The Ford library is now catalogued

  • 2 September 2020

Cataloguing of the Ford library is now complete. This collection was formed by Sir Brinsley Ford (1908–1999), an art historian and collector, and was donated to the Paul Mellon Centre by his family in 2017. It consists of almost two hundred volumes relating to the Grand Tour and seventeenth- and eighteenth-century travels through Europe, including many contemporary accounts.

Some items from the collection show provenance markings of earlier travellers, including the four volumes of Thomas Nugent’s The Grand Tour: Containing an Exact Description of Most of the Cities, Towns, and Remarkable Places of Europe (1749), which bear the bookplate of Charles Hope-Weir (1710–1791). Hope-Weir set out on the Grand Tour himself in 1754, travelling to Italy via Belgium and France, and may have used Nugent’s work for inspiration. The Ford library also includes a copy of Richard Hurd’s Dialogues on the Uses of Foreign Travel (1764) previously owned by Isaac George Manley (1755–1837), who sailed as a boy with Captain Cook on HMS Endeavour.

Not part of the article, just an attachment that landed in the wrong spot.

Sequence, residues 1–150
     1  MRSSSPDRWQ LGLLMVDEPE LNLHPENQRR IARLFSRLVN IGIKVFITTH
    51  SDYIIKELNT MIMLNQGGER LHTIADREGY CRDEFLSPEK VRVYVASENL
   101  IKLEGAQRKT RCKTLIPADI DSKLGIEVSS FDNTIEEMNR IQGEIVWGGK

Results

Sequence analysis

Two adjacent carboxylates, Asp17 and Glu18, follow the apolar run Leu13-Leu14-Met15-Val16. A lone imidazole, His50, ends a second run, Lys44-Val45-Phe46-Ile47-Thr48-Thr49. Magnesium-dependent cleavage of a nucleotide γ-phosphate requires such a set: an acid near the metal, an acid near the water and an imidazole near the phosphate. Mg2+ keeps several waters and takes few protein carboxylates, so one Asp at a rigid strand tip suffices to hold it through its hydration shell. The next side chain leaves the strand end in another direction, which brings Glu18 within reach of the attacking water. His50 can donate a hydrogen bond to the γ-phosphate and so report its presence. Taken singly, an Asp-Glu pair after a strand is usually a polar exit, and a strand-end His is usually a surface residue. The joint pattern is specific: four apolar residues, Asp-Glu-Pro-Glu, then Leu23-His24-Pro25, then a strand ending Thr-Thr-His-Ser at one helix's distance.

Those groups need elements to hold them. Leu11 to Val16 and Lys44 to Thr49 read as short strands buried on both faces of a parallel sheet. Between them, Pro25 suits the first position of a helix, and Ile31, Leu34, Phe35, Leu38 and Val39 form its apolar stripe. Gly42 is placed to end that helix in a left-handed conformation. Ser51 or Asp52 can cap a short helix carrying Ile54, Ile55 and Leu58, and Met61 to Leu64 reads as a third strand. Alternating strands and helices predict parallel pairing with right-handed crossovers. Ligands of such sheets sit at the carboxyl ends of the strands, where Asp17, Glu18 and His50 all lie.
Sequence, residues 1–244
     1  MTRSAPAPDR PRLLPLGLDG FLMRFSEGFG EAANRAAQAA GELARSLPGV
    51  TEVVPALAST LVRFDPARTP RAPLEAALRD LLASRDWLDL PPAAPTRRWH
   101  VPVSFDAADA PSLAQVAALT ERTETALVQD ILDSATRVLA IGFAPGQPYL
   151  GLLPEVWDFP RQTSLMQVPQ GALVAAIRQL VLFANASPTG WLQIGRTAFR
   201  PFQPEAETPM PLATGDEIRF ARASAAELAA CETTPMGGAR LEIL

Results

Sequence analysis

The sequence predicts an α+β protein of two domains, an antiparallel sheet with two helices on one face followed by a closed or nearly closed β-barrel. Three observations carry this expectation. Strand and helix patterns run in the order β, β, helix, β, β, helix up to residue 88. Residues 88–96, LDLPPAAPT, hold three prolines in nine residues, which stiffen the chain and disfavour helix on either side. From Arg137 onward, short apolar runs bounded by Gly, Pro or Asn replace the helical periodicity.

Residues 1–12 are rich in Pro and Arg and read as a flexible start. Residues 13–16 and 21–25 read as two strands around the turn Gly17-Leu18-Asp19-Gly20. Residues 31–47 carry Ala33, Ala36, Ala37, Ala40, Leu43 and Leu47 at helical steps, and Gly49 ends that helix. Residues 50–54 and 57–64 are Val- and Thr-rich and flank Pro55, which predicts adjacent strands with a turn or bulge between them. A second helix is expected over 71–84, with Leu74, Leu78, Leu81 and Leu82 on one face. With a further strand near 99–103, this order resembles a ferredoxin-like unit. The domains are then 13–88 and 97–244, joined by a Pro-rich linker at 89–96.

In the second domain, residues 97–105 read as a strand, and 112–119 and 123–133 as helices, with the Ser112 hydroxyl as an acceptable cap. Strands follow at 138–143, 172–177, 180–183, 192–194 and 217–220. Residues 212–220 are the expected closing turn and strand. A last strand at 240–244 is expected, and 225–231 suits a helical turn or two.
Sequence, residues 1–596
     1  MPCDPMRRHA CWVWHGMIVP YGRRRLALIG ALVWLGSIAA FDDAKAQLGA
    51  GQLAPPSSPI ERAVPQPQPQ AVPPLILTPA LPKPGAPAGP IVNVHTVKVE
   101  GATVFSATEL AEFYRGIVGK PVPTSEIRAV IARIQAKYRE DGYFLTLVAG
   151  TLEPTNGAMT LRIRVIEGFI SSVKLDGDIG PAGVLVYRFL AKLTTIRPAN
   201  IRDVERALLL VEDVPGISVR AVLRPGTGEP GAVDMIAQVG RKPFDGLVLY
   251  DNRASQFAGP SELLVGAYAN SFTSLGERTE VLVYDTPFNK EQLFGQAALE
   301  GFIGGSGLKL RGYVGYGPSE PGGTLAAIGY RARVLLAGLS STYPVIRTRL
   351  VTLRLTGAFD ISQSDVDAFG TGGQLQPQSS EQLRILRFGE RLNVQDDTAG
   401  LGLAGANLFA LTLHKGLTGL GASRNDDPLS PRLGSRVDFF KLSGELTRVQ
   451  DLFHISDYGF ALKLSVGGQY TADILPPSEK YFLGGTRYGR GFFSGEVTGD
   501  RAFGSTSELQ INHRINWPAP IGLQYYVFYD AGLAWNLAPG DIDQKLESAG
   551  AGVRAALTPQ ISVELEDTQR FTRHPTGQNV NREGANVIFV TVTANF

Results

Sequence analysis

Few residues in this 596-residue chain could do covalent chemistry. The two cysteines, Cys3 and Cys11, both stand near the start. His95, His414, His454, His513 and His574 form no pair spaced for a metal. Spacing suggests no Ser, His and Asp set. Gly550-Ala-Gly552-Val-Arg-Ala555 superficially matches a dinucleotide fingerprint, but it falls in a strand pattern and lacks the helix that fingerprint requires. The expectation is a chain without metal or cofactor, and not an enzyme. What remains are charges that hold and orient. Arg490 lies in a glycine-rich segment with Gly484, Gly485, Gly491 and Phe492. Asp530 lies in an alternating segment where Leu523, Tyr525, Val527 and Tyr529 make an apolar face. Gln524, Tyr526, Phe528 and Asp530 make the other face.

A decorative bookplate showing a landscape set within an ornate frame.

Lewis Engelbach, Naples and the campagna felice (1815),

Frontispiece from an Italian book.

Francesco Ficoroni, Dissertatio de larvis scenicis et figuris comicis antiquorum romanorum (1754),

An old book spine.

Monsieur de Blainville, Travels through Holland, Germany, Switzerland, and other parts of Europe, but especially Italy (1743),

Details about an early book from the collection were posted in a previous news item.

The Ford library is now fully catalogued on the Paul Mellon Centre’s library and photographic archive catalogue. Please note that these items are classed as library special collections.

The Paul Mellon Centre also holds two additional collections by Brinsley Ford:

  • In the archive, 56 boxes of material compiled by Ford relating to British and Irish travellers in Italy in the eighteenth century.
  • In the library, a collection of approximately 250 exhibition catalogues on twentieth-century artists and on the subject of the Grand Tour.

In response to the coronavirus pandemic the Centre is currently closed to the public and will look to reopen, in a limited way, to the public from October. Further updates on this will be provided in due course.